Dr. Fukuzawa Yuukichi

Anyone who’s studied modern East Asian history, or the history of Western medicine in Asia, or Eastern educational theory, is probably familiar with Dr. Fukuzawa Yuukichi. He’s the thick moustached man on the Japanese Y1000 bill that looks kind of like William Faulkner.

I read his autobiography when I was studying moden Japanese history, and I must say I was pretty impressed with the guy. His ideas were very bold for the time, and he is credited with a lot of the ideas that made Japan a modern nation.

But my girlfriend disagrees. She had to read about him when studying education here in Taiwan, and she feels Taiwan, and other countries besides Japan, have really nothing to learn from what he said and did. She feels that he was just an educated man (a physician, to be exact) who was at the right place and at the right time. She says Fukuzawa did little but wake his countrymen up to the fact that they could modernize without being controlled by anyone else.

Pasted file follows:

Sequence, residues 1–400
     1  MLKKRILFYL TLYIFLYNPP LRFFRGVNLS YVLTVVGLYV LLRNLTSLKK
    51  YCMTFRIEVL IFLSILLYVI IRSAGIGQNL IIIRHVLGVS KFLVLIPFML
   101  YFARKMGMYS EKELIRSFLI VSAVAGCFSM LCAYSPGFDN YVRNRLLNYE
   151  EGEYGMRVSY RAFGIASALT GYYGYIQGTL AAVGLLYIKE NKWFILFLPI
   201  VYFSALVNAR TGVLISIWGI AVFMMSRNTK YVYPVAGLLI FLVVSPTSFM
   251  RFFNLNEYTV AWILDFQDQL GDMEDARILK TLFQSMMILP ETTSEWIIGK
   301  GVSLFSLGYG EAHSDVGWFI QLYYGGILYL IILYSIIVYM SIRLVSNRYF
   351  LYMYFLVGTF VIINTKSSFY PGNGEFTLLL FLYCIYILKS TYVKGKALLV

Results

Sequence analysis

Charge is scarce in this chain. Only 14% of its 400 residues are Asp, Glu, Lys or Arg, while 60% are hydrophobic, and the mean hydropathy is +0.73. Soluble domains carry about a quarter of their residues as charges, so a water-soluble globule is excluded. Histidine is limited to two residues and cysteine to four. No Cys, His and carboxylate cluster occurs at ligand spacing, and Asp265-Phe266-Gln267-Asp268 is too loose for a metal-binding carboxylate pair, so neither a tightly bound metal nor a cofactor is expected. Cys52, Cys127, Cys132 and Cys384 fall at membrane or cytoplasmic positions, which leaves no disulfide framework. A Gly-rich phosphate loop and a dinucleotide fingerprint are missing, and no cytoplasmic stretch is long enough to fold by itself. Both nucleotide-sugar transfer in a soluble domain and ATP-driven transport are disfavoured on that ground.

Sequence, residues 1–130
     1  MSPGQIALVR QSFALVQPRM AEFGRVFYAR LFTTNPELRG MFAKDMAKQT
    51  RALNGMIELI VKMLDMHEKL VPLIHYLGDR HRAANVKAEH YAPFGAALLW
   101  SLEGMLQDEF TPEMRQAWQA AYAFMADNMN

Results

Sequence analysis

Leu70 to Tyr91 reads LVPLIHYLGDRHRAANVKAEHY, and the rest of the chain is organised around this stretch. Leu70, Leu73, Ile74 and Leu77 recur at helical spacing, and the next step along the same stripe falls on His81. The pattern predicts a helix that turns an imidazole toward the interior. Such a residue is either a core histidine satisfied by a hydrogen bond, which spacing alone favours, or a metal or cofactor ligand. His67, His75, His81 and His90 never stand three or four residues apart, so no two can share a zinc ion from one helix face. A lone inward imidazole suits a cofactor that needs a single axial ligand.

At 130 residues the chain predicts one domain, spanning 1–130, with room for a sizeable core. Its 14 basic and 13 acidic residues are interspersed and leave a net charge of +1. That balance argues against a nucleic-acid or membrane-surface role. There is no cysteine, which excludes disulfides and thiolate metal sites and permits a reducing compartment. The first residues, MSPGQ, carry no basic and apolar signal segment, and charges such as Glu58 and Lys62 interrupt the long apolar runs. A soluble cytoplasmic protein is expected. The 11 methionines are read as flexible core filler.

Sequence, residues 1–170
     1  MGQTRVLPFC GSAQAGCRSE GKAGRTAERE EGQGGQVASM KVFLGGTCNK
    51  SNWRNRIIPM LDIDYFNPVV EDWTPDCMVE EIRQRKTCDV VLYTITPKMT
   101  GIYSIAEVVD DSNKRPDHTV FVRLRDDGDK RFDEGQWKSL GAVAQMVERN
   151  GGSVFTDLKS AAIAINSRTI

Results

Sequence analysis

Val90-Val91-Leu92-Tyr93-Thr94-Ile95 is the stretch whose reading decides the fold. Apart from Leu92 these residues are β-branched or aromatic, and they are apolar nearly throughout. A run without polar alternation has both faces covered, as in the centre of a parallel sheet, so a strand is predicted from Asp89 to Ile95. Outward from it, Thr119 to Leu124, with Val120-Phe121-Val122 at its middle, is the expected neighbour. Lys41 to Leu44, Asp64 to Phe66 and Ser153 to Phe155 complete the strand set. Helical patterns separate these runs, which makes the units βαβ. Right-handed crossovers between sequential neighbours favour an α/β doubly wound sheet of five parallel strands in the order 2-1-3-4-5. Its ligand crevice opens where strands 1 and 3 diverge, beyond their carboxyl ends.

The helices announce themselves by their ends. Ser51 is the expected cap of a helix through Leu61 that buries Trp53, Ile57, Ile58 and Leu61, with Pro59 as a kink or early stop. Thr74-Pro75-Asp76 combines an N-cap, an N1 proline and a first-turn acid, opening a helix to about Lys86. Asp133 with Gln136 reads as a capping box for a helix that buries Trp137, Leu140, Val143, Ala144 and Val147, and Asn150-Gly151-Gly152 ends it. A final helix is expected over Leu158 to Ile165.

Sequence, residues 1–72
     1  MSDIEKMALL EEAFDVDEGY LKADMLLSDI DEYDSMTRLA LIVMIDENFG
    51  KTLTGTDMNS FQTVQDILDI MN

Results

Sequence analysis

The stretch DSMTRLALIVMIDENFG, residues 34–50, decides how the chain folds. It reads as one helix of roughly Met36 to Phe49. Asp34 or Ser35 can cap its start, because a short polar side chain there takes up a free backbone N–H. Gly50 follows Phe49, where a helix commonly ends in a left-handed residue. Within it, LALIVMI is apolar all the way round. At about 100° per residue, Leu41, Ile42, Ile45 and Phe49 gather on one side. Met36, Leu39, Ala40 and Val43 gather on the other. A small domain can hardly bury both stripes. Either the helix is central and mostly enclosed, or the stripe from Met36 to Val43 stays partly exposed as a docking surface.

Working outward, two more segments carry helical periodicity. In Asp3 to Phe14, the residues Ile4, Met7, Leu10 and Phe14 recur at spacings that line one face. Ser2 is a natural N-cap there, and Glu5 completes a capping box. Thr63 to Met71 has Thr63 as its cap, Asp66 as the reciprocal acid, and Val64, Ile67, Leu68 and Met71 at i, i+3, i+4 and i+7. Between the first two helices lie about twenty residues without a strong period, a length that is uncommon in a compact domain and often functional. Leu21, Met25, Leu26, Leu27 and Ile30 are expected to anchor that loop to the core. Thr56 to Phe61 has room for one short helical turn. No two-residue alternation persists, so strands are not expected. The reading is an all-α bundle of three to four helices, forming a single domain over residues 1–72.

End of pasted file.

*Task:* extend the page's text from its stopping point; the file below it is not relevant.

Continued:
I have to say, she has a point. There’s a reason why few people who haven’t studied East Asian history have heard of him, while he’s a household name in Japan. What do you think? Was Fukuzawa a renaissance man, who can serve as an inspiration for other newly modernizing countries? Or is his lesson one fairly specific to Meiji-era Japan?

I’d be interested to hear the opinion of any Taiwanese people, or people very familiar with Taiwanese history and attitudes, toward Dr. Fukuzawa. Is he, or can he be, any inspiration to Taiwanese people?